Adventurous Departmental Twinkie Skirts Dangers while Globe-Trotting (Part 2 of the Biology Twinkie Saga) – Spring/Summer 2009

When we last left the Twinkie (Spring/Summer 2008 Newsletter), it was avoiding a soaking in a tropical shower on the Continental Divide in Costa Rica.  Thank goodness for cellophane packaging!  Since then, the Twinkie has encountered even more dangerous circumstances as it accompanies some of the most adventurous biologists in their search for truth, justice, and answers to the world’s most pressing biological and educational questions.

Research student Faith Whitehouse (‘10) and the Twinkie® share a peaceful moment overlooking the view at Mohonk Preserve, New York, where the Twinkie accompanied Faith in studying the impacts of Hemlock Wooly Adelgids on light environments and seedling recruitment in eastern deciduous forests (June, 2008).

Twinkie_2008_1While Faith diligently recorded survivorship of tree seedlings nearby, the Twinkie® had a brush with mortal danger in the form of a Black Rat Snake and sought safety in a not-yet defoliated Eastern Hemlock (June 2008).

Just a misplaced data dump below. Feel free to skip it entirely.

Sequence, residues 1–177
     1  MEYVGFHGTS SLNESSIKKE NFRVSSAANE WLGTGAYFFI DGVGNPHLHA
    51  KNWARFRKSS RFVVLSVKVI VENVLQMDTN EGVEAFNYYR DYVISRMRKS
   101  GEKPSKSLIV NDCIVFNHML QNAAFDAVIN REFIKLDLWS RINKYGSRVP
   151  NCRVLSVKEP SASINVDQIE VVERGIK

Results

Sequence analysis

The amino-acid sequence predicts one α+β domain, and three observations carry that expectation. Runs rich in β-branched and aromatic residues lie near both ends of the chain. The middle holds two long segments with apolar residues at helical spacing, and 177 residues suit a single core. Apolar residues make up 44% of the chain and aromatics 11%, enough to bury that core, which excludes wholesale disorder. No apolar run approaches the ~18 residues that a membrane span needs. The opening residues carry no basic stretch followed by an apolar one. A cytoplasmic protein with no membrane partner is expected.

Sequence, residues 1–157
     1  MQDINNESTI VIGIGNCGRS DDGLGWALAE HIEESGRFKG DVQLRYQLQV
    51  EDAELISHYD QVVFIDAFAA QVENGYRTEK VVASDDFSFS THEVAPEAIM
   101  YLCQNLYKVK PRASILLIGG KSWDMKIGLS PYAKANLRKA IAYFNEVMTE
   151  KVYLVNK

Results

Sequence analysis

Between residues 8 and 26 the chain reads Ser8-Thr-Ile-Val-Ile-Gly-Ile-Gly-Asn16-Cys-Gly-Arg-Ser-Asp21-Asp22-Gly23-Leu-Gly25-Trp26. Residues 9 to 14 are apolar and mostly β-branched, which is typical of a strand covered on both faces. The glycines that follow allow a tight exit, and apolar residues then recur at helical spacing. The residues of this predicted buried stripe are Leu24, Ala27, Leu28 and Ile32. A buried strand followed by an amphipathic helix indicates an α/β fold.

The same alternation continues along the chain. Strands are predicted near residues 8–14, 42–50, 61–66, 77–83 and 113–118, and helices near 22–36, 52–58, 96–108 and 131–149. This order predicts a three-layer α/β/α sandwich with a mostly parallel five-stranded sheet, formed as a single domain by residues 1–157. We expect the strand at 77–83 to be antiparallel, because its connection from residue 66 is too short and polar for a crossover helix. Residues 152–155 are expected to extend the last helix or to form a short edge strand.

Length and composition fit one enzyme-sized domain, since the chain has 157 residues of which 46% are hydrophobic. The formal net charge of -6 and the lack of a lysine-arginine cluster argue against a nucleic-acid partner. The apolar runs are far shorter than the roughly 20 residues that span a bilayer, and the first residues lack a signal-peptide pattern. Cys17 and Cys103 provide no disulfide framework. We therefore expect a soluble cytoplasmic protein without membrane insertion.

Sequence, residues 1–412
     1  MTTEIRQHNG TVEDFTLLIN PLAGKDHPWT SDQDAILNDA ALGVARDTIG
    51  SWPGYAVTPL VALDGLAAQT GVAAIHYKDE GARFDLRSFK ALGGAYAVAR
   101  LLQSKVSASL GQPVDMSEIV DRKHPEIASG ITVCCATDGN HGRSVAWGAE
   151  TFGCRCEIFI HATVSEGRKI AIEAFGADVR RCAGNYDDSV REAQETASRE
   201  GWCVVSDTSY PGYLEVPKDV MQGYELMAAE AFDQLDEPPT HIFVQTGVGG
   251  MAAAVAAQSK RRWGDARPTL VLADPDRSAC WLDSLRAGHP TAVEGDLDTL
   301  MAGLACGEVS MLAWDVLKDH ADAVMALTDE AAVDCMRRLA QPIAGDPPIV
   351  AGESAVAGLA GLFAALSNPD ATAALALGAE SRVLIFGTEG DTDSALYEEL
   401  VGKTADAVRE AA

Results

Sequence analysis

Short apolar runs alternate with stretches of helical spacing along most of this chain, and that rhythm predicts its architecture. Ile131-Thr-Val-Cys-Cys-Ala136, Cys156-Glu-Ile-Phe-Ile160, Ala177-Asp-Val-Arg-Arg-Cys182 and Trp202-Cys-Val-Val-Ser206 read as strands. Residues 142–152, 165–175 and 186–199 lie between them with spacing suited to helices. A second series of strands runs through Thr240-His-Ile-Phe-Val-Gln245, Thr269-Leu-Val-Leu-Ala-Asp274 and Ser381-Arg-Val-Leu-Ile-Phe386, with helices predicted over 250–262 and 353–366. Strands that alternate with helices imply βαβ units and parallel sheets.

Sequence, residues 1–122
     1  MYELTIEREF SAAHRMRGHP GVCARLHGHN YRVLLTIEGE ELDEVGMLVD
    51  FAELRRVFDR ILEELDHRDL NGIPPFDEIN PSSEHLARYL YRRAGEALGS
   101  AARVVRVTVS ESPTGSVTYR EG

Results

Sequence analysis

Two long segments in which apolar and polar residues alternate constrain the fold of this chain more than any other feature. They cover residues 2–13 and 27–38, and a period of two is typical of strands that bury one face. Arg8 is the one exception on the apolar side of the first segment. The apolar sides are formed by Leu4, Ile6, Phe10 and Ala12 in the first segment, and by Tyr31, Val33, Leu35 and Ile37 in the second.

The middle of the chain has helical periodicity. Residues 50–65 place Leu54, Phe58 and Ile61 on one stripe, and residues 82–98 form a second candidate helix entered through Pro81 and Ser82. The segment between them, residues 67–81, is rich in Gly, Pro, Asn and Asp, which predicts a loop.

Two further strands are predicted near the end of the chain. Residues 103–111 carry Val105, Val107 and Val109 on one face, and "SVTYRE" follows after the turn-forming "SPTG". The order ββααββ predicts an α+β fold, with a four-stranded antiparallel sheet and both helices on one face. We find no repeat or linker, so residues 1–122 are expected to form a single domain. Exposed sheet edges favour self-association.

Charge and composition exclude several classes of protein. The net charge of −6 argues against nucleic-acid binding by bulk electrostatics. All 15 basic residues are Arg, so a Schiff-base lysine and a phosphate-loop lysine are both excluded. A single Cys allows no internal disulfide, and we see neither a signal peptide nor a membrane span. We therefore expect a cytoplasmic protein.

Twinkie_2008_2Having safely escaped from the kinetic jaws of the snake, the Twinkie® finds time to enjoy the spectacular view of Mohonk Mountain House from “Skytop” June 2008

Twinkie_2008_3Later in the fall, Twinkie® embarked on its most adventurous journey to date, and accompanied Biology Education student Jonathan Hertel (‘10) on his study abroad course in Tanzania. Although Jon and his course-mates were robbed of many of their belongings during the trip, the Twinkie® was serendipitously elsewhere at the time, and survived to see some of the most amazing scenery on the planet.

Twinkie_2009_Africa“Twinkie® in front of Mount Meru, a mountain near Kilimanjaro.”
J. Hertel